This article written after an interview with Zitten was edited by Philip Gowman and first published on London Korean Links.
In January, Korea’s premier indie label, Pastel Music, released a 5CD compilation to commemorate its 5th birthday. On those five CDs there are 71 songs in total. Needless to say there is plenty of good music on those CDs – I had expected as much when I pre-ordered it. What I did not expect was to find that the best song, out of all those 71 tracks, came from somebody I hadn’t even heard of till I read the tracklist for the first time. The song in question was 곁에 – an “early recording version” of it, to be specific – and the artist responsible was Zitten (짙은). With a little help from the guy that created the old Zitten web site I was able to make contact with the vocalist, Yong-Wook, and learn more about my new favourite duo. That is if you can still call it a duo with one member struggling on his own as the other is busy fulfilling his mandatory military service.
The beginning of Zitten can be traced to a hobby club for music where covers of Oasis, Radiohead and Coldplay were played. As the team dissolved, guitarist Yong-Wook and drummer Ro decided to continue to play together just for fun. They recorded five songs of their own and took the name Zitten before putting them on an EP entitled “Rock Doves” in 2005. 500 copies were printed and it sold out in three months. Late 2007, Zitten won the band category at the 1st Pastel Audition and here we are. There is already enough material for a full album, but Pastel wants to make some changes – add some real strings here, record new drums there, etc – so it’ll be another while before it’s released. Perhaps in the summer or autumn, Yong-Wook says.
What is this music then, that sounds so fantastic even before Pastel has had much of a say in it? Yong-Wook enjoys listening to modern rock as well as the great folk musicians of the 1960s, whereas Ro is more into electronica. For the sound of Zitten, however, they have once again reached towards Coldplay to get the right sophisticated and reflecting atmosphere. Damien Rice and Lee Juck too have influenced their songwriting, the latter in particular for the upcoming album. Another change from the EP is that they are now making better use of the piano. Add that to a change in recording facilities and the result is a sound that not only is richer, but also somewhat jazzier. Both Ro and Yong-Wook write lyrics on different aspects of love and memories, but while Ro concentrates on partings and misunderstandings, Yong-Wook every now and then incorporates a “micro-political theme”.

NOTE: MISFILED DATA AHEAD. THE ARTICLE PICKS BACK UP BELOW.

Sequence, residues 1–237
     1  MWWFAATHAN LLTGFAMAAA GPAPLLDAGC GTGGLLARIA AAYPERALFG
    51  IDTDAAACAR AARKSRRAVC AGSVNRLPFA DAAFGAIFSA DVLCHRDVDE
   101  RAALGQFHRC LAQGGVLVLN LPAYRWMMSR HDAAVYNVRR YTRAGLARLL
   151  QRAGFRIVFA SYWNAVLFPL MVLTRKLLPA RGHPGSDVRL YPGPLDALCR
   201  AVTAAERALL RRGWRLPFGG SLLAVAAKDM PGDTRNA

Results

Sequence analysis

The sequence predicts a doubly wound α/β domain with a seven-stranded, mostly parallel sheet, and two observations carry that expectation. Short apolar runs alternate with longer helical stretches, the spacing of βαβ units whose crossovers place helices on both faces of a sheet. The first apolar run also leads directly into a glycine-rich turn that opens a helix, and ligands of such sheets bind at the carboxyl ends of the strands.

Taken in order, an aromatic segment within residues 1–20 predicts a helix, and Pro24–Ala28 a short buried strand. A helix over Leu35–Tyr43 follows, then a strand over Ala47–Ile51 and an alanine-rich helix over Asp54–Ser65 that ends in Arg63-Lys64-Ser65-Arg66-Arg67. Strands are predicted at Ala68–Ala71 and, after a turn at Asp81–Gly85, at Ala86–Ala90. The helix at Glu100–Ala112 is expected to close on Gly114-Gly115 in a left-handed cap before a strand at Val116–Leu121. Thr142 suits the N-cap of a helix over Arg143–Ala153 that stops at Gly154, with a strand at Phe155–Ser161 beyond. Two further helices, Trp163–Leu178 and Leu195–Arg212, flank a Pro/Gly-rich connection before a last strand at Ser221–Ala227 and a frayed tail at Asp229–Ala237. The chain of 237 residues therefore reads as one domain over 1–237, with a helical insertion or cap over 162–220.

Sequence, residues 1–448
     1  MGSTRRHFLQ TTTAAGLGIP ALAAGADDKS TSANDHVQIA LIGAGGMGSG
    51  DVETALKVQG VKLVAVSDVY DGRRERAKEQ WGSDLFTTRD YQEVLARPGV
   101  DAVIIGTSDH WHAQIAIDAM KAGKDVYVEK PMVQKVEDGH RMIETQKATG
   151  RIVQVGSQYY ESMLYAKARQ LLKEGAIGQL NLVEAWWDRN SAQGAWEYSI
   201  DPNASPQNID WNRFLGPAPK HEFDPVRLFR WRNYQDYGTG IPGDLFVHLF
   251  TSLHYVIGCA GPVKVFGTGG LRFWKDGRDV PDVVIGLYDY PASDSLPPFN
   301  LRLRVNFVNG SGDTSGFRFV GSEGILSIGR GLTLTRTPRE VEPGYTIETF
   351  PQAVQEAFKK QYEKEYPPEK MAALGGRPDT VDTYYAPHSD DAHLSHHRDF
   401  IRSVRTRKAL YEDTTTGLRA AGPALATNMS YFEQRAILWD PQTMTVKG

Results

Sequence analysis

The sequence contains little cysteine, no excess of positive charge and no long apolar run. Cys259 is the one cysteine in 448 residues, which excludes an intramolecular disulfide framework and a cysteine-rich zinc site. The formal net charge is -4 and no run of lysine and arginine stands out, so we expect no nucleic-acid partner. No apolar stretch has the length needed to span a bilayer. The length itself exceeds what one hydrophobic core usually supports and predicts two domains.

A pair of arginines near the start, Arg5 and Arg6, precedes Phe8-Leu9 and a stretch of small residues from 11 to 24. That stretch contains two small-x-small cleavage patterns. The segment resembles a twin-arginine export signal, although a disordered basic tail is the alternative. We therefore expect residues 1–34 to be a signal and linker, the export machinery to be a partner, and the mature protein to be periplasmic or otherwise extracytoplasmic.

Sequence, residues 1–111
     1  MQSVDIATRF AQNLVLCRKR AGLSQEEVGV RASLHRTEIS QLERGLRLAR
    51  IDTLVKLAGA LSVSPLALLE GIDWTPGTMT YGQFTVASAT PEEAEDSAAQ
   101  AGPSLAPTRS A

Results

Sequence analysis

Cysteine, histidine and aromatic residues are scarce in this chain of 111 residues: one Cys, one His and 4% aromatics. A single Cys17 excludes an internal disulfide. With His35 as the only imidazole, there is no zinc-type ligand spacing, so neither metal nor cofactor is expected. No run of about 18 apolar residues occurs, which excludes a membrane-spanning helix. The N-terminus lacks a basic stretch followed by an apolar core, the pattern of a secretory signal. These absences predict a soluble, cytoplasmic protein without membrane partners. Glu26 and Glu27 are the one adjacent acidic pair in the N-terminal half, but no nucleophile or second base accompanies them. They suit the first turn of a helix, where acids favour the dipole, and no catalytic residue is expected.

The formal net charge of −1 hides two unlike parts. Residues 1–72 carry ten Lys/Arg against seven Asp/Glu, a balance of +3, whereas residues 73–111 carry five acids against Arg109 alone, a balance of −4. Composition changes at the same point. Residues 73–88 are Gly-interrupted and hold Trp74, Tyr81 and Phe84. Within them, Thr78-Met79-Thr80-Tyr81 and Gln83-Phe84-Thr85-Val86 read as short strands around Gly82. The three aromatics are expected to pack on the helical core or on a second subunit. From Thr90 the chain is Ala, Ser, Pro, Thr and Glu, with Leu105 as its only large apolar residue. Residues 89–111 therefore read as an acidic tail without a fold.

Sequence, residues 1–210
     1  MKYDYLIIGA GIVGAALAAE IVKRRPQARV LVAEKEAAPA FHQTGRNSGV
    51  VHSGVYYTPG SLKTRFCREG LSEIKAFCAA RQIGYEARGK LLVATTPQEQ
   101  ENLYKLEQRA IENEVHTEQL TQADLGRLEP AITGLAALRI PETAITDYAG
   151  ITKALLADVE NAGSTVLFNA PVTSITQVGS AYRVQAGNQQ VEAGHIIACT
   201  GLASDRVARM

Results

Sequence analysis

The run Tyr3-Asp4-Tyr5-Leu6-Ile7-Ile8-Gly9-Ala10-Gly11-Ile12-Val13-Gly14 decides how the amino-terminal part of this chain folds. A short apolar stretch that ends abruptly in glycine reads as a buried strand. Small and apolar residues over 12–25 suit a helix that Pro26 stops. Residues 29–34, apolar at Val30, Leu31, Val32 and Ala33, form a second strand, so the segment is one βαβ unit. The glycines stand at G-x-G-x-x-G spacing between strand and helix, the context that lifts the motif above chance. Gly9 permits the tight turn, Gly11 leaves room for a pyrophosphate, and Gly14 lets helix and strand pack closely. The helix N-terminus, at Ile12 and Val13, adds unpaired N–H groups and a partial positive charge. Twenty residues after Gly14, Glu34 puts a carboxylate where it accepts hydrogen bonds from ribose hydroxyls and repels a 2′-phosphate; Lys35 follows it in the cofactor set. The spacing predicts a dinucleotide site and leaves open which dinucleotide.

Going political, I asked Yong-Wook about this alleged death of indie bands that the obligatory years in the military is said to bring. He admits that there is some truth to that and comments that the Korean army isn’t really familiar with creativity. Three months ago, Ro, as many other musicians, went into the military to serve as a “military music soldier” so it’s not all that bad for him as he gets to play guitar and brass instruments. He can not have a computer, however, so it is difficult for the two band mates to work together. Yong-Wook stresses that Ro is a very important member of Zitten, with good skills in programming of and performing on various instruments, but now Yong-Wook is working on overcoming his own weak points as it has become more of a solo project on his part: performances nowadays are informal and carried out alone at cafés or bars he used to frequent. Yong-Wook has already finished his service, so let’s hope that all goes well for him now and that Zitten will prosper once the duo can reunite.